Before "Gato," he directed Domingo in Puccini's "La Fanciulla del West" in Madrid, finding the tenor "a big pleasure to work with because he always listens to you, and is very eager to do all the things you want on the stage."
To Sagi, the greatest difficulties in staging "El Gato Montes" involve conveying the atmosphere of Andalusia and also "finding a balance between the real and the non-real," specifically the naturalism of the early scenes versus the stylization demanded later on. "You can't show the public in a naturalistic way all the things that Penella asks you (in the final scenes)," he said. "You must try to catch very strong images to be as powerful as the music."
Spanish-speaking opera enthusiasts will notice that the Andalusian atmosphere is expressed partly through language--the distinctive elisions and shifts in pronunciation of that region--along with what Domingo calls "the turns in the voice that come from the flamenco, and that reveal a Moorish influence." Like Sagi, he is concerned with the difference between the early scenes of the work and the ending. "I would have developed the last act a different way," he said. "I would have made it a little more important, a little longer. But in many zarzuelas, the first act is strong and then perhaps it grows weaker.
"Maybe maestro Penella didn't have enough for the ending and just cut it short. But I think there is enough there for the public to really understand the work and to appreciate the color of Spain and Andalusia in it, and the feeling of the bull ring."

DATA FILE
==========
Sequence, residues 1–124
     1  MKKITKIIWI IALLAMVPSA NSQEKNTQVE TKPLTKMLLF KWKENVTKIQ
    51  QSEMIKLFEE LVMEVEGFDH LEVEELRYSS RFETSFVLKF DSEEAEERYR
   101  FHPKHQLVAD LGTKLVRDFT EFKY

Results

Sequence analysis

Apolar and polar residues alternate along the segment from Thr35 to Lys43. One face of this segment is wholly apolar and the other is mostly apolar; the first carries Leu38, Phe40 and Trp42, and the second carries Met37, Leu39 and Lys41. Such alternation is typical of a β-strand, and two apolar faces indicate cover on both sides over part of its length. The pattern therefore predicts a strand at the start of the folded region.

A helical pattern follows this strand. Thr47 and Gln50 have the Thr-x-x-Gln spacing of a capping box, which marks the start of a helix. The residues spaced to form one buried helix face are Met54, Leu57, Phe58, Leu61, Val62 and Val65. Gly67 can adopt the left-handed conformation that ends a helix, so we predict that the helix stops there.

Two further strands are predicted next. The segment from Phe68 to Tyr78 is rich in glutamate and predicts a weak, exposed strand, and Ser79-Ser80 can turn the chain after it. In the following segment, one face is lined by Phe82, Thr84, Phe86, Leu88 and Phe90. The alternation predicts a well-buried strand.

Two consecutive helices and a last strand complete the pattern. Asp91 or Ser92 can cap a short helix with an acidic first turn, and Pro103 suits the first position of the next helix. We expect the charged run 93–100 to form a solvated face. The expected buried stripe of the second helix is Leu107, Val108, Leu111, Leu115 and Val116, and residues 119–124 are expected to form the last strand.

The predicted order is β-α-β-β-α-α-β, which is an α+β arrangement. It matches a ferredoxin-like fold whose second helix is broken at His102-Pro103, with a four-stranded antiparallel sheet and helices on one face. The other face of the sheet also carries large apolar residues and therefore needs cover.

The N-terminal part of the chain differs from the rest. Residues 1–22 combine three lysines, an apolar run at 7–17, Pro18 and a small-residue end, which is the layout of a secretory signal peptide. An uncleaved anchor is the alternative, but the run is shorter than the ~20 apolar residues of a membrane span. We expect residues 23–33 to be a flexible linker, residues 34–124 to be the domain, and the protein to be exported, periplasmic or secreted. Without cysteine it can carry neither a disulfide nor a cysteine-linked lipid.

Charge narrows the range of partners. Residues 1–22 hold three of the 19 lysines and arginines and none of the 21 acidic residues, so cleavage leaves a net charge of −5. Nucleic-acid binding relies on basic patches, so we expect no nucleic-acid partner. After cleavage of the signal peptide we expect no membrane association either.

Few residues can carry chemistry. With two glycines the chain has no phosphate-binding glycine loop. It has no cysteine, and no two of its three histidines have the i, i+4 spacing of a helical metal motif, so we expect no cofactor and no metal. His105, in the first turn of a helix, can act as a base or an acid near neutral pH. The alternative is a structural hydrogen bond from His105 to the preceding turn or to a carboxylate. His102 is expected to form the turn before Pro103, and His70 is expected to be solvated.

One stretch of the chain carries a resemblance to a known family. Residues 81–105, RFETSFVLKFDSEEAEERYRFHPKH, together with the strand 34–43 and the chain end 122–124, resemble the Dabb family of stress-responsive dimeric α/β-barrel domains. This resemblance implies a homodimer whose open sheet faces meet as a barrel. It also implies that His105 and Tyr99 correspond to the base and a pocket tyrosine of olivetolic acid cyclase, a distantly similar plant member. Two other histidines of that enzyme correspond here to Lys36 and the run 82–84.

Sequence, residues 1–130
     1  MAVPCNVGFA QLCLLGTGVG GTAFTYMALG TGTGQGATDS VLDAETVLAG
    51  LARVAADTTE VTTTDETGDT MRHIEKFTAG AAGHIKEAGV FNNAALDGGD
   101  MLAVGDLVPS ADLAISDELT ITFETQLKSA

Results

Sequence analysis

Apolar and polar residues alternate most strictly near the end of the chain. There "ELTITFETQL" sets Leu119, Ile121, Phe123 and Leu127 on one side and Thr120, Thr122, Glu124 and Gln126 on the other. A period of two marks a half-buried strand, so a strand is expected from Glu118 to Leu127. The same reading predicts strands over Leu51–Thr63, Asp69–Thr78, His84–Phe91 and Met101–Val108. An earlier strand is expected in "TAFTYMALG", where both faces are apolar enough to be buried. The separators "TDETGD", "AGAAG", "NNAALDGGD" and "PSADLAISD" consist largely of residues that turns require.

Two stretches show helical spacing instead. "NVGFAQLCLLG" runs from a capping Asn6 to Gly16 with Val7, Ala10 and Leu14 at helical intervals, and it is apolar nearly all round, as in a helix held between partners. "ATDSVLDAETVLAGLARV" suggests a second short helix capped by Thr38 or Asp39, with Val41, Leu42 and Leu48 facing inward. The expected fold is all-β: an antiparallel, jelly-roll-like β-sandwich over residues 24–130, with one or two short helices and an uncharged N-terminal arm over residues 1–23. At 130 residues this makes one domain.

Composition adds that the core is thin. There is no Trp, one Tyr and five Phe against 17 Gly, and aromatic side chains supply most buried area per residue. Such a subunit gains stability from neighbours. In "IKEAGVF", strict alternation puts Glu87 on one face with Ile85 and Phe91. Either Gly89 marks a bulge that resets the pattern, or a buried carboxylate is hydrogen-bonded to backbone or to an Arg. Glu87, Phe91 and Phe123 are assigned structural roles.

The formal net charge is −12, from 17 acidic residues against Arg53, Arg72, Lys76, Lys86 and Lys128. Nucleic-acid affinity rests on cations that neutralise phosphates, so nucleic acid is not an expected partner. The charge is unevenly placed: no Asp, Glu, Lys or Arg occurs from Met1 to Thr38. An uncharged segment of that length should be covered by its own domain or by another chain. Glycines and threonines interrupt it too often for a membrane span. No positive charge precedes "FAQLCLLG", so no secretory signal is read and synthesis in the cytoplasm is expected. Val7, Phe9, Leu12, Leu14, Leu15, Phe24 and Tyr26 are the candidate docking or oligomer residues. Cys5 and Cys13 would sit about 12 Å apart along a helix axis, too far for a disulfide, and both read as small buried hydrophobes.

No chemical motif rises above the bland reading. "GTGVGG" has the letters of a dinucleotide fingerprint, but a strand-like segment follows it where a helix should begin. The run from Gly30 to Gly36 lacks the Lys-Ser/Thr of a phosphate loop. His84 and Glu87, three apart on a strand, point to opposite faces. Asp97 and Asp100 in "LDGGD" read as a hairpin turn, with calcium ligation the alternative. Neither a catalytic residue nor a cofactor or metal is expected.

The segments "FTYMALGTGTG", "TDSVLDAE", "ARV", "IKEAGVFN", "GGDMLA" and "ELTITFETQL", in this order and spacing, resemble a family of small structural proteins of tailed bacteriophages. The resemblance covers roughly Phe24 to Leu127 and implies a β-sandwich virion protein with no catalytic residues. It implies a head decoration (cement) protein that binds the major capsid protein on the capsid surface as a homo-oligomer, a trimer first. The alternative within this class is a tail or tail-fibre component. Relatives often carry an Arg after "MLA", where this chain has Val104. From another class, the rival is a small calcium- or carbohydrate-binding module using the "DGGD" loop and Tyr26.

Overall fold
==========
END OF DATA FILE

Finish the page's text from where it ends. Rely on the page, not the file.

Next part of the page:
For the final performance, on Jan. 29, Domingo is scheduled to be replaced by zarzuela specialist Antonio Ordonez. Originally, Domingo explained, he was due in Japan for yet another "Three Tenors" concert with Luciano Pavarotti and Jose Carreras at the end of the month. And even after that event was switched to Los Angeles in July, he felt it "a good policy" to engage a major artist as a cover here--and to give that artist a performance.
"It's not like we're doing 'Tosca,' or 'Carmen,' " he said, "where a tenor who knows the part can fly here in three hours to substitute for somebody who is sick. If I catch a cold, there are seven performances and, obviously, nobody knows the part."
The bottom line on Ordonez from Domingo, who serves as ongoing artistic consultant to the L.A. Opera and its occasional conductor as well as periodic star tenor: "He's a wonderful singer so I think the public will be very, very happy."